“Enjoy the little things, for one day you may look back and realize they were the big things.” – Robert Brault

My son Jonah began taking swimming lessons alone for the first time this summer. It has been so exciting to see him at a distance, his little head just-barely bobbing above the water, a mixed expression of joy and anticipation crossing his face. He is very social, chatting gregariously with the other children in his class, testing out the echo of his voice across the massive aquatic center. I am so proud of the way he follows the instructions of his teacher and I observe her closely, looking for pointers. I too feel a mix of joy and anticipation. Joy for all that Jonah is on the cusp of discovering in his new life as a budding pre-schooler. Anticipation for the letting go that will come along with it for me. I bob in the shallow end of the pool with my younger son Adrian. He loves the water too and seems to want to dive out of my arms. I can still see Jonah, so clearly, on his very first day of life. And yet, now, Adrian, born two years later, is ready to swim already? Tears come to my eyes with a mix of emotions. I think about how the days are long but the years are short, as they say.

Later, the three of us go to the family changing room and my two boys take their first shower alone together. It is one of the most precious moments of the summer for me, their two unclothed bodies shivering slightly at first and then slowly steadying as the water warms. I notice that they have their own language between them now. Jonah enjoys his role washing off his baby brother with a hand-held sprayer. Adrian is in a state of pure pleasure, laughing wildly and acclimating to this novelty that is a shower. I can only imagine the cacophony of laughter and shouting that can be heard on the other side of the door.  I dry and dress them both with surprising ease – given the environment – and as we are driving home I give thanks that everyone is clean and ready for bed, all cozy in their car seats, busy with their snacks. I give thanks that I am able to derive so much pleasure from observing my children in such a mundane task as showering and getting changed after swimming lessons.

As the mother of these two little ones, I almost never sit in meditation. Instead I discover an inner silence in the space between filling sippy-cups and cleaning up crumbs. I focus on tiny fingers placing magnets on the refrigerator and the varied expressions of my children’s faces. I often listen to their words with peaked attention noticing the hairs on my arms rising up with this heightened awareness. The opportunity for bliss in a mother’s life is vast; we only need to truly see what is before us in order to experience it.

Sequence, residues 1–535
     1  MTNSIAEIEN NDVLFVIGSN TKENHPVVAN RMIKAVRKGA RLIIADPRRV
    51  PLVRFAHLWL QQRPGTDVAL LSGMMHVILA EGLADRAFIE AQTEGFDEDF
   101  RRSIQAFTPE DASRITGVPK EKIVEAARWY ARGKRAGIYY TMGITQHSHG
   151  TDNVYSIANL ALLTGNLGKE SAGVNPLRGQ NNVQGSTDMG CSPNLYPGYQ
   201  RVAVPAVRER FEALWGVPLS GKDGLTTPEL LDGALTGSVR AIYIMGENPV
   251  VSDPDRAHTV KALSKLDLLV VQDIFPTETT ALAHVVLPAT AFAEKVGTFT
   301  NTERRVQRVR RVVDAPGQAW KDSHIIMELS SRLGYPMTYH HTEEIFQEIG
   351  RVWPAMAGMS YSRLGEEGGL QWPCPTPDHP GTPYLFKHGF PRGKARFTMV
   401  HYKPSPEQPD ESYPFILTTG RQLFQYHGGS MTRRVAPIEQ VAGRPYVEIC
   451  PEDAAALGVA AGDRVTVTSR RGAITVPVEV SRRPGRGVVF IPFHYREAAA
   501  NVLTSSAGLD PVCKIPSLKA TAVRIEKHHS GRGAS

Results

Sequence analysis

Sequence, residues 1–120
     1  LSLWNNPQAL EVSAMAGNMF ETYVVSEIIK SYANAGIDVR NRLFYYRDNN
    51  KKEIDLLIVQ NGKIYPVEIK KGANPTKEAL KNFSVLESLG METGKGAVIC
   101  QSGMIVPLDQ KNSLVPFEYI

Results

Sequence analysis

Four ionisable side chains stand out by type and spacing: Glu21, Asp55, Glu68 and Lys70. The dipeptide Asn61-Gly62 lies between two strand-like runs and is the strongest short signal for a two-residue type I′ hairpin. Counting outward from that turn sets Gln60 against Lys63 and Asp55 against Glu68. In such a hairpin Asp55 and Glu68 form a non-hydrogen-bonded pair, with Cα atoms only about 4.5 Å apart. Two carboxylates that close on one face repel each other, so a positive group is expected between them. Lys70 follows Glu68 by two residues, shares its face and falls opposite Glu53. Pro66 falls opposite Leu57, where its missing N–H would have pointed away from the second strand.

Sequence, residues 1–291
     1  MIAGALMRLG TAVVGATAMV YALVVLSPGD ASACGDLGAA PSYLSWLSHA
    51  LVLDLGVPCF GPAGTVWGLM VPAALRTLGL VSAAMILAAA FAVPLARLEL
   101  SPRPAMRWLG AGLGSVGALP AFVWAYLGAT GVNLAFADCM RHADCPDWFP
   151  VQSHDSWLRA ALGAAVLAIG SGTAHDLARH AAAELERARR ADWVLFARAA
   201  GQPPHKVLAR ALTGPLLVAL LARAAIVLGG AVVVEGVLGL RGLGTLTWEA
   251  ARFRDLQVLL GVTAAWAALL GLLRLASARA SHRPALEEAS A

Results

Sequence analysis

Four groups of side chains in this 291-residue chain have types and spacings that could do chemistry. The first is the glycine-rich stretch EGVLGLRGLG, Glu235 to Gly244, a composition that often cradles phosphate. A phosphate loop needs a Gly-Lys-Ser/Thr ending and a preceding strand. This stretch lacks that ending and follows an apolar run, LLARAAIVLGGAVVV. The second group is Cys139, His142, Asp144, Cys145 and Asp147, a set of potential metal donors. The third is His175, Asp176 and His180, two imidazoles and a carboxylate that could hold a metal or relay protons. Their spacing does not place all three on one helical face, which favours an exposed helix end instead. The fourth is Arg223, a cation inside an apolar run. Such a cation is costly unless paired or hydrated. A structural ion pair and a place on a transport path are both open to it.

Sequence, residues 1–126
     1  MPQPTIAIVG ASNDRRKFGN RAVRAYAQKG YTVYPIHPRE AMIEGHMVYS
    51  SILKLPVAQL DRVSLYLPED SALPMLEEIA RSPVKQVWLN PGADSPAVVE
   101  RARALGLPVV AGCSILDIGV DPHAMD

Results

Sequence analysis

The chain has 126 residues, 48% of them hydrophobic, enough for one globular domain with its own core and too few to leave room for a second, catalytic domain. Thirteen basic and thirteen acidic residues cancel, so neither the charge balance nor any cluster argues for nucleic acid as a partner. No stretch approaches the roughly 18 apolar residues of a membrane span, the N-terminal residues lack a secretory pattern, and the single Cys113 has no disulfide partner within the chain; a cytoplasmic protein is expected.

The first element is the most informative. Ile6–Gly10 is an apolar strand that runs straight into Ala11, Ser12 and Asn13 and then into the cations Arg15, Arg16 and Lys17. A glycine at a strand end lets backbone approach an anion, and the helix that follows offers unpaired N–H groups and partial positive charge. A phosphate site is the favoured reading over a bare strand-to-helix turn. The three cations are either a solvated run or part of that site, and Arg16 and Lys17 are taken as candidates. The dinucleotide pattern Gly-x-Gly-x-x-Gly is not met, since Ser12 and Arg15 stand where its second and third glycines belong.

“The best thing to hold onto in life is each other.” – Audrey Hepburn

When I was a young girl my grandmother took great pride in teaching me to set a proper table. She knew just how to place things and she was very proud of the vast collection of treasures she’d accumulated over years of military and personal travels in faraway places. There were bowls from Saigon, plates from Paris and linens from Thailand. Her home was crisp and clean, with hospital corners on the bed and the smell of gardenias wafting from her dressing table. It was gritty too, at times, after an afternoon of boating on the Potomac, catching crabs off a dock just a stone’s throw away from her home. My grandmother was devoted to gardening and homemaking and her lifelong love of entertaining culminated with a lucrative, late-in-life real estate career. I remember my cousin once comparing me to her. I took it as a high complement. I hope that my home is a fraction as lovely as hers was and that I may share with my children the importance of creating beauty like she did. She had a way of honoring the things that she was blessed with.

I remember when she died reflecting on all of her beautiful things, some of which would come into my care. I saw so clearly and was moved deeply by the fact that not a single exquisite item that she had so adored would be traveling with her. Even in her last years, I remember, as she downsized from her home to an assisted living and then eventually to a nursing home, fewer and fewer of her treasures surrounded her. She valued people and relationships far more than any of those objects, and in her final days I came to see her so much more for her true essence, for all that she was despite her belongings and what might be surrounding her. My grandmother had studied “new thought” through the Science of Mind Magazine series for years and years and in her final room in her nursing home she had kept with her, of all the many, many belongings she had to choose from, her collection of books by Dr. Norman Vincent Peale.